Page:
sends, sending, sent
1) VERB When you send someone something, you arrange for it to be taken and delivered to them, for example by post.

[V n n] Myra Cunningham sent me a note thanking me for dinner...

[V n to n] I sent a copy to the minister for transport...

[V n] He sent a basket of exotic fruit and a card...

[V n with adv] Sir Denis took one look and sent it back...

[be V-ed from n] More than half a million sheep are sent from Britain to Europe for slaughter every year.

2) VERB If you send someone somewhere, you tell them to go there.

[V n with adv] Inspector Banbury came up to see her, but she sent him away...

[V n with adv] He had been sent here to keep an eye on Benedict.

[V n to n] ...the government's decision to send troops to the region...

[V n for n] I suggested that he rest, and sent him for an X-ray...

[be V-ed from n] Reinforcements were being sent from the neighbouring region..

3) VERB If you send someone to an institution such as a school or a prison, you arrange for them to stay there for a period of time.

[V n to n] It's his parents' choice to send him to a boarding school, rather than a convenient day school...

[V n to n] You're saying they are sending too many people to prison?

4) VERB To send a signal means to cause it to go to a place by means of radio waves or electricity.

[V n to n] The transmitters will send a signal automatically to a local base station...

[V n with adv] 1989, after a 12-year journey to Neptune, the space probe Voyager sent back pictures of Triton, its moon. [Also V n, V n n]

5) VERB If something sends things or people in a particular direction, it causes them to move in that direction.

[V n -ing] The explosion sent shrapnel flying through the sides of cars on the crowded highway...

[V n -ing] He let David go with a thrust of his wrist that sent the lad reeling...

[V n prep] The slight back and forth motion sent a pounding surge of pain into his skull.

6) VERB To send someone or something into a particular state means to cause them to go into or be in that state.

[V n into n] My attempt to fix it sent Lawrence into fits of laughter.

[V n -ing] ...before civil war and famine sent the country plunging into anarchy...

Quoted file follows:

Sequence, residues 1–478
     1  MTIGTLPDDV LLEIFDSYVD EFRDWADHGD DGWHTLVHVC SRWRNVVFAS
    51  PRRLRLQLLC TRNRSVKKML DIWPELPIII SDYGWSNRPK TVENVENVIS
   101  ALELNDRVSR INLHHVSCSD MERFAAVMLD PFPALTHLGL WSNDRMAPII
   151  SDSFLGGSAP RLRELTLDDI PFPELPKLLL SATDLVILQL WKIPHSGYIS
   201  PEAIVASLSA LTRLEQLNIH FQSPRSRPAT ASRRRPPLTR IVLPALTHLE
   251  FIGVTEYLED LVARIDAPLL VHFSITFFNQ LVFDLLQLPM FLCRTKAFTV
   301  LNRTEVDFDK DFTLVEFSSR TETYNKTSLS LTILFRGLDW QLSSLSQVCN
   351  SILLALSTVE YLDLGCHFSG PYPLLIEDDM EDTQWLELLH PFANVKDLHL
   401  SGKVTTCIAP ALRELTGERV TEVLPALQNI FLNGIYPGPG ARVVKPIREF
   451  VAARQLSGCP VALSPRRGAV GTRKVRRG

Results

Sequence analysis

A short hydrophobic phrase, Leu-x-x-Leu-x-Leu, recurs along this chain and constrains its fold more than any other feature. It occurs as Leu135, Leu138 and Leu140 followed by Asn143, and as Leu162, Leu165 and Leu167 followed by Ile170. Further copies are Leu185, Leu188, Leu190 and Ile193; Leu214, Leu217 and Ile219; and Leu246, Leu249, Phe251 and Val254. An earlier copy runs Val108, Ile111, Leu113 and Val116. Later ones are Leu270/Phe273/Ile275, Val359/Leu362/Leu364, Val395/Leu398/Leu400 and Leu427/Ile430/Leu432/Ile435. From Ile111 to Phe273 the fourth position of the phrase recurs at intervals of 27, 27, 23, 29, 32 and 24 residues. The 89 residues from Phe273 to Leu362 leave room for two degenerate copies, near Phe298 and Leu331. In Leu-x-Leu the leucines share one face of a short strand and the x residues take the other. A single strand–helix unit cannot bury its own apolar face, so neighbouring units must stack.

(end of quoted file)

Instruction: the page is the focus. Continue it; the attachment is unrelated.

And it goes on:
[V n adj] An obsessive search for our inner selves, far from saving the world, could send us all mad.

7) to send someone packingsee pack
to send someone to Coventrysee Coventry
Phrasal Verbs:

English dictionary. 2008.

Игры ⚽ Поможем написать курсовую

Look at other dictionaries:

  • send — W1S1 [send] v past tense and past participle sent [sent] ▬▬▬▬▬▬▬ 1¦(by post etc)¦ 2¦(radio/computer etc)¦ 3¦(person to place)¦ 4 send (somebody) a message/signal 5 send your love/regards/best wishes etc 6¦(cause to move)¦ 7 send… …   Dictionary of contemporary English

  • send — /send/ verb past tense and past participle sent /sent/ 1 BY POST/RADIO ETC (T) to arrange for something to go or be taken to another place, especially by post: send sb a letter/message/card: Honestly, I get tired of sending Christmas cards. |… …   Longman dictionary of contemporary English

  • send — [ send ] (past tense and past participle sent [ sent ] ) verb transitive *** 1. ) to mail a letter or package to someone: I sent the letters yesterday, so they should arrive today. send someone something: I ll send you a copy of the report. send… …   Usage of the words and phrases in modern English

  • send — [send] verb sent PTandPP [sent] [transitive] 1. to arrange for something to go to another place: • The computer network can send data at very high speeds. send something to somebody • He sent a memo to board members …   Financial and business terms

  • send — send1 [send] vt. sent, sending [ME senden < OE sendan, akin to Ger senden, Goth sandjan, caus. formation, “to cause to go” < IE base * sent , to go, find out, discover > L sentire, to feel, sense, OIr sēt, way] 1. a) to cause to go or be …   English World dictionary

  • send*/*/*/ — [send] (past tense and past participle sent [sent] ) verb [T] 1) to arrange for something such as a letter or email to be delivered to someone in another place I sent the letters yesterday, so they should arrive today.[/ex] Send me an email when… …   Dictionary for writing and speaking English

  • send — ► VERB (past and past part. sent) 1) cause to go or be taken to a destination. 2) cause to move sharply or quickly; propel. 3) cause to be in a specified state: it nearly sent me crazy. ● send down Cf. ↑send down ● …   English terms dictionary

  • Send — Send, v. t. [imp. & p. p. {Sent}; p. pr. & vb. n. {Sending}.] [AS. sendan; akin to OS. sendian, D. zenden, G. senden, OHG. senten, Icel. senda, Sw. s[ a]nda, Dan. sende, Goth. sandjan, and to Goth. sinp a time (properly, a going), gasinpa… …   The Collaborative International Dictionary of English

  • Send — may be: *Send, Surrey, England *HMP Send, the women s prison at Send *SEND protocol *Send (album), a 2003 album by the rock band Wire *Send (audio), an output from an audio mixer which is usually designed to carry a given channel to an effects or …   Wikipedia

  • send — send, dispatch, forward, transmit, remit, route, ship are comparable when they mean to cause to go or to be taken from one place or person or condition to another. Send, the most general term, carries a wide range of implications and connotations …   New Dictionary of Synonyms

  • send-up — UK / US or sendup UK [ˈsendˌʌp] / US noun [countable] Word forms send up : singular send up plural send ups informal a way of talking or behaving in which you copy the way that someone else talks or behaves in a humorous way He does a brilliant… …   English dictionary

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